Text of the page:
Consumer NZ has introduced ‘lifetime scoring’, using product reliability and owner satisfaction along with our as-new test data to only recommend products that work well for a long time. That’s just the start. We’re also:
Creating second-hand buying guides, using our historical product testing and reliability data to point you to the best used brands and models.
Developing a way to assess appliance repairability – reporting our own ‘durability label’ data to show which appliances are more repairable.
Maintaining pressure on manufacturers by continuing to uncover those who take the easy way out and fail to offer repair or allow resale of used appliances. Watch out for more GPS-tracked appliances!
Supporting the need for a thorough product stewardship scheme for electrical and electronic goods, so manufacturers are responsible for the stuff they make.
Campaigning for legislative change for a Right to Repair and mandatory point-of-sale durability labelling for electrical and electronic goods.
Manufacturers and retailers exist because you buy their products. You have the power to choose what you buy. You can reward those who are working hard to create the future we need and send a message that the cut and chuck is no longer an option. You can:
Shop for refurbished appliances.
Avoid buying the cheapest new appliances. Choose a brand that has refurbished models on sale, lists repair agents, or offers spare parts (all good signs that it supports its products throughout their life).
Avoid manufacturers and retailers who talk about sustainability but fail to walk the talk. Assume it’s greenwash unless you can see real, positive actions being taken.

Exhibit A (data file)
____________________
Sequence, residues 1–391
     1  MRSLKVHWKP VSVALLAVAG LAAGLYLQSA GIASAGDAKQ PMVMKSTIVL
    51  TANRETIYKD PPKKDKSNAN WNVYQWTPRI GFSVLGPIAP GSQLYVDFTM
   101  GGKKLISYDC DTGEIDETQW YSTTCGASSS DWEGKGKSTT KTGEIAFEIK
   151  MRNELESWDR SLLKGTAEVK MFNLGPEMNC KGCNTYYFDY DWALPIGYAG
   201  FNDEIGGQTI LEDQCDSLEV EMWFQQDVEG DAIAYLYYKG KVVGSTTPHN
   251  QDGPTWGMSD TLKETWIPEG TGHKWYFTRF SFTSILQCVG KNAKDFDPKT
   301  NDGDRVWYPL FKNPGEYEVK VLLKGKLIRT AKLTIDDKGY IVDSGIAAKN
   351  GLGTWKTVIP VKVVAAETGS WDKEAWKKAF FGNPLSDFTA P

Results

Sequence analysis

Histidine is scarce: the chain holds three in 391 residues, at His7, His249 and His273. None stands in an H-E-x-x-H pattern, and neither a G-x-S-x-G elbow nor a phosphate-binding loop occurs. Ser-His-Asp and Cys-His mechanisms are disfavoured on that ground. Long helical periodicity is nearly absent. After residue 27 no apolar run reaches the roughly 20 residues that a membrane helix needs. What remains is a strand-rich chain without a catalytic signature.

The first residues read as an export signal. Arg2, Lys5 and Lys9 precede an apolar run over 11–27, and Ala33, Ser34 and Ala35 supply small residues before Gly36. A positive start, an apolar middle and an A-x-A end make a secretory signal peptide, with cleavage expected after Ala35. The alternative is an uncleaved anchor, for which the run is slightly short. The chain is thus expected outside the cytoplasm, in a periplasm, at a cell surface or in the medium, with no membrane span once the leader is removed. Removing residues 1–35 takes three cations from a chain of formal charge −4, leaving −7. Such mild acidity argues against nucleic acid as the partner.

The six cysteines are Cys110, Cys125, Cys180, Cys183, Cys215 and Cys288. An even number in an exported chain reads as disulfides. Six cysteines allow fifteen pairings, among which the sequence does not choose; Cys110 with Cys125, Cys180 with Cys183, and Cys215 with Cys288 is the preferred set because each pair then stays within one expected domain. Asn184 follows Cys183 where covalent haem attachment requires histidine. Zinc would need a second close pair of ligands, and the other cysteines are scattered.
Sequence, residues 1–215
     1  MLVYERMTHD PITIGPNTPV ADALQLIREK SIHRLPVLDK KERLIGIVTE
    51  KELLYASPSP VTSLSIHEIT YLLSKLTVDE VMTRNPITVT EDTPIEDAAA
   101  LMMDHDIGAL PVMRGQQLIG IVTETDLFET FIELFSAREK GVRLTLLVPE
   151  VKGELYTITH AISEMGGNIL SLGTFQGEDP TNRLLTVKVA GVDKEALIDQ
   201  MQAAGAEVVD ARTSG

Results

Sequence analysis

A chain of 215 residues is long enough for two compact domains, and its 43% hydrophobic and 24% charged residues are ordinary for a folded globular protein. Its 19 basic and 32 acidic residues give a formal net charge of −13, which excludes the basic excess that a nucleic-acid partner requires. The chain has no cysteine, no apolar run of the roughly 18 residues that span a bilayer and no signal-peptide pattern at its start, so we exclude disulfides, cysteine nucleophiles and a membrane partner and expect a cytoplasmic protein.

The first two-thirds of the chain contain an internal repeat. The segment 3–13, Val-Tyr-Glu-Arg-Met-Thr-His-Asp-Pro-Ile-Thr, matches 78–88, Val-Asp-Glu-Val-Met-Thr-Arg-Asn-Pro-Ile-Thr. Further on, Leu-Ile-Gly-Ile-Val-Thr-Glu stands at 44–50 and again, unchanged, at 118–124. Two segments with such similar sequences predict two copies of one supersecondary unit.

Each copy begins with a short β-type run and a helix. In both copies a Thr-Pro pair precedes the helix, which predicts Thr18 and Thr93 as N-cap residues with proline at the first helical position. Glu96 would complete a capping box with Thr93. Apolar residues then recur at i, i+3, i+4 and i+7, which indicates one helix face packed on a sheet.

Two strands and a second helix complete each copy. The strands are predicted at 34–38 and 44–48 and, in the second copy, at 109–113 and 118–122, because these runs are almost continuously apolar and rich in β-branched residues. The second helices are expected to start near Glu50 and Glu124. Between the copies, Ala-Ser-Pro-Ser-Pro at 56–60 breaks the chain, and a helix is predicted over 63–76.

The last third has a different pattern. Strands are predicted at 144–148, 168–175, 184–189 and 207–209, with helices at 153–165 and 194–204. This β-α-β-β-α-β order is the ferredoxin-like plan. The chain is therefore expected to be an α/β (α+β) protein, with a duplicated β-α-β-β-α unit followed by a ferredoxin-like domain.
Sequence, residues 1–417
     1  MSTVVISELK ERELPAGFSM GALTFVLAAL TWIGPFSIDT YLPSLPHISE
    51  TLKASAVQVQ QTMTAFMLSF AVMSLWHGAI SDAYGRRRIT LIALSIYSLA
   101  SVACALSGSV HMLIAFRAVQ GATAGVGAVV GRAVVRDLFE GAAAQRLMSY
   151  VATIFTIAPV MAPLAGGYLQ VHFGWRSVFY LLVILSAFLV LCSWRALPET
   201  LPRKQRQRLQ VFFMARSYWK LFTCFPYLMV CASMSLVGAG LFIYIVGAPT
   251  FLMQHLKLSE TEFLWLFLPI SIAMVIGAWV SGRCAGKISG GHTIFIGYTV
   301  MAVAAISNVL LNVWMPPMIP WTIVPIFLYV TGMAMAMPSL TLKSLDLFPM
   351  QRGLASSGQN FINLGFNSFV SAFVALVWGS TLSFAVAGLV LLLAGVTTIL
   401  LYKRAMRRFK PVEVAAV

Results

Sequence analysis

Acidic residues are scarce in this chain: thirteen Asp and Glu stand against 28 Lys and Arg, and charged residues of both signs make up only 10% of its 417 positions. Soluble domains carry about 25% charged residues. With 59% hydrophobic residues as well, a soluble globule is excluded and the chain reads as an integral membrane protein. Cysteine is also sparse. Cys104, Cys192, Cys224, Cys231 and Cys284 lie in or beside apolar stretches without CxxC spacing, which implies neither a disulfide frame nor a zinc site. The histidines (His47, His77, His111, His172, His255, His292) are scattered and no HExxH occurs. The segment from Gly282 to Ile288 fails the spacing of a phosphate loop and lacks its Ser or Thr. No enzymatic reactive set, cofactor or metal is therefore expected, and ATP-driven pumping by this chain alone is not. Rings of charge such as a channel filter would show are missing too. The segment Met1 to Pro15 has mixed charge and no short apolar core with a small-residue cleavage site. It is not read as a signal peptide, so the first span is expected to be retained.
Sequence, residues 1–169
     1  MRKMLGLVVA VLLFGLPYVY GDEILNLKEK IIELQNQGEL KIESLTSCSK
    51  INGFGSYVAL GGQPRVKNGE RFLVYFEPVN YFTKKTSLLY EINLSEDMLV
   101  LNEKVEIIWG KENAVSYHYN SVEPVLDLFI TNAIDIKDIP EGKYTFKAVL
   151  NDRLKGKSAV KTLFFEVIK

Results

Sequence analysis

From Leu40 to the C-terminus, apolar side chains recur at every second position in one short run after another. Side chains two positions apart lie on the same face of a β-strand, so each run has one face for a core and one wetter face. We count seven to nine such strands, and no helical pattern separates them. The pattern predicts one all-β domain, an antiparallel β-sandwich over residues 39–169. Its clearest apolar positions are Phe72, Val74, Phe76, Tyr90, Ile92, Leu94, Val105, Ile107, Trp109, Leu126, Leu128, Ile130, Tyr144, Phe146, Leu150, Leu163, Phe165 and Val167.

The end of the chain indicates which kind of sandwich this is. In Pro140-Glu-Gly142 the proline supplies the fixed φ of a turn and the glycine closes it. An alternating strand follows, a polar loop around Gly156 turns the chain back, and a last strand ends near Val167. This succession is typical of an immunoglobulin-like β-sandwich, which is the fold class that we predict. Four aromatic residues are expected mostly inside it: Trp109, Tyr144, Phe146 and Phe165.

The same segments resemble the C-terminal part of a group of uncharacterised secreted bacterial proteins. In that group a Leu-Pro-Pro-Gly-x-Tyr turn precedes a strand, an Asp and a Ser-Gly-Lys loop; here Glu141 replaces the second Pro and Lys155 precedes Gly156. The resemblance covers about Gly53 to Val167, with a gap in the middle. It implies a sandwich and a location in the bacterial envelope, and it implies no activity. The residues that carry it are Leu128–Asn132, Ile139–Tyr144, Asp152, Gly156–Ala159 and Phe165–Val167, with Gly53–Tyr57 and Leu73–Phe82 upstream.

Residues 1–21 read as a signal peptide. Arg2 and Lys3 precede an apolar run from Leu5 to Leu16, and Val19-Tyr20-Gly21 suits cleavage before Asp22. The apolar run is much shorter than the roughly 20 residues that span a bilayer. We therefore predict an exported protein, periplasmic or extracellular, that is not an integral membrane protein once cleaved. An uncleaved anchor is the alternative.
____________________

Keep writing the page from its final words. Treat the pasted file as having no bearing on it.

Support our campaigns for Right to Repair and durability labelling legislation.
Imagine this. In the near future, you’re shopping for a stand mixer. The pricey KitchenAid models appeal, but your budget is more modest. At a local refurbished appliance store (every town has at least one), you see a smart-looking Breville priced at $150. You know the full price of a new one is $450. You also know small appliances are always on ‘sale’, so the new Breville is really worth about $300.
The Warehouse and Kmart sell their own-brand stand mixers for less than $100, but you know neither are a good option. The durability labels that legally need to be displayed next to the price of new appliances tell you those cheap mixers don’t last and aren’t repairable. When they go wrong, they get recycled (thanks to the mandatory product stewardship scheme), but there’s no value in trying to repair one.
The store assistant explains the Breville mixer you have your eye on is only four months old and was a warranty return. She’s proud to be the one to give it a second life. It’s fully tested and, like a new one, it comes in the box with a 12-month warranty. She tells you repairers like this model because it’s easy to fix and spare parts are readily available. You walk out with a bargain.